You will also, I am sure, want to know the date by which your employees will have to be registered so that you can plan for the impact it will have on your business and budgets. The introduction will be phased in over a number of years, as the latest estimate for the number of those who will ultimately need to be registered is more than 11 million. Planning is still under way but we are basing our calculations for the phases on prioritising staff not by sector, but according to how recently they have had CRB checks. The Criminal Records Bureau will continue to operate, providing information that will help in your decision whether to appoint an ISA-registered candidate/volunteer. Some roles will still need to be CRB-checked – for instance for a post which involves driving, a history of speeding or drink-driving convictions wouldn’t necessarily register on an ISA check. A CRB enhanced disclosure would highlight these convictions or cautions and help you to decide whether that person is suitable for the role as a result. Much of the administration for the new scheme reflects that required by the CRB’s disclosure work, and in fact the new scheme will be using the CRB for its administrative arm. We are working to align the work of the two organisations closely, to make it easier for both applicants and employers. We plan to have just one application form covering both an ISA check and a CRB disclosure.
Making it a success
The success of the scheme will depend on the police, employers, professional and regulatory bodies feeding information into the system. Only with input from all of these parties can a comprehensive picture of individuals’ history and behaviour can be built up, enabling new information to trigger the ISA to review a person’s registration if necessary. It is difficult to overstate the importance of these organisations in helping the scheme to fulfil one of its most useful features – notifying an employer, as well as the relevant regulatory body, if an employee moves onto the barred lists. I anticipate that employers will particularly appreciate this and recognise it as a significant improvement on the current requirement to carry out repeat CRB checks.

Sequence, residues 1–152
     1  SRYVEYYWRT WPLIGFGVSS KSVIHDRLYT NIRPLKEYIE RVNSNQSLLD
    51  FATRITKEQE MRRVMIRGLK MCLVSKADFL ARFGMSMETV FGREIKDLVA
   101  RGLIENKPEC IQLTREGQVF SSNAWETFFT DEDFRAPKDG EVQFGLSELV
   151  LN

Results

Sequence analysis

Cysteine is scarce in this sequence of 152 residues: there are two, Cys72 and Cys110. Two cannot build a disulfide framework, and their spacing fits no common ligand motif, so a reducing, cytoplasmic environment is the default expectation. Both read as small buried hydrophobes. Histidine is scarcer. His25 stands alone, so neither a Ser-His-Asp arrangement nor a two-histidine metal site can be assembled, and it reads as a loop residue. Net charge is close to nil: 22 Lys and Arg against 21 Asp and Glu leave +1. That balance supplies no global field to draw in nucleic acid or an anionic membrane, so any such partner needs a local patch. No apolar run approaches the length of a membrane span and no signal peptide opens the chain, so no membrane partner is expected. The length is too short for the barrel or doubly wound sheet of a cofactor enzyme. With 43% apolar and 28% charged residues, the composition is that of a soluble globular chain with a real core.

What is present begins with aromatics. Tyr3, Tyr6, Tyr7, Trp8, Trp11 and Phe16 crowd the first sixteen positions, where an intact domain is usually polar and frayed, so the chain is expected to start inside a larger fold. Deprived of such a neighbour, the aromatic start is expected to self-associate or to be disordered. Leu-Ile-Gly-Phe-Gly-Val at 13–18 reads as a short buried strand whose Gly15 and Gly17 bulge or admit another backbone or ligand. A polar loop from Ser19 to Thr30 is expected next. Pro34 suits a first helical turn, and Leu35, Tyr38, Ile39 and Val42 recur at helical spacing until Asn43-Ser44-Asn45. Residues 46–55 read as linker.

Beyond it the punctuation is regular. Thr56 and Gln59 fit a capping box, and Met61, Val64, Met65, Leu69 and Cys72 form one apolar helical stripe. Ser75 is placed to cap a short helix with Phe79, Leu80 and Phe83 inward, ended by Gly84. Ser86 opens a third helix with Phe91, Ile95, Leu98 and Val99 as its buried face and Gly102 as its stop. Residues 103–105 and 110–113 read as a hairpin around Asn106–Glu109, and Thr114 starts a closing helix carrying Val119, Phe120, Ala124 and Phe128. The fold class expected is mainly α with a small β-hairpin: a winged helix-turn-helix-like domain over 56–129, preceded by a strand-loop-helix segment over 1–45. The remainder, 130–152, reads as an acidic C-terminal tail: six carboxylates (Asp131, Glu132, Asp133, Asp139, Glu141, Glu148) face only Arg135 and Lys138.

You can find out more about the scheme on the Independent Safeguarding Authority website.
Yes, there are individuals who make it their business to betray the trust put in them to care for our children. But as I know from my own work – and as I’m sure is reflected in your own experience – the vast majority of those working in this field are dedicated, compassionate and professional individuals. Weeding out the small minority who pose a threat to children is crucial to safeguarding those who are least able to defend themselves. It is also hugely important to maintain the reputation of the professions and, of course, to prevent that awful moment when abuse is discovered and we have to start trying to deal with the potentially shattering physical, psychological and emotional damage that may have been caused. I want the new Independent Safeguarding Authority to make big steps forward on all of these fronts.
Sir Roger Singleton CBE is one of the UK’s leading experts in child protection issues and has more than 40 years’ experience of working with young people.
Probably best known for the 21 years that he spent as chief executive of the world-renowned charity Barnardo’s, he is an adviser to the secretary of state for children, schools and families in relation to List 99. Among other charitable and advisory positions, he is chair of the Princess of Wales Memorial Fund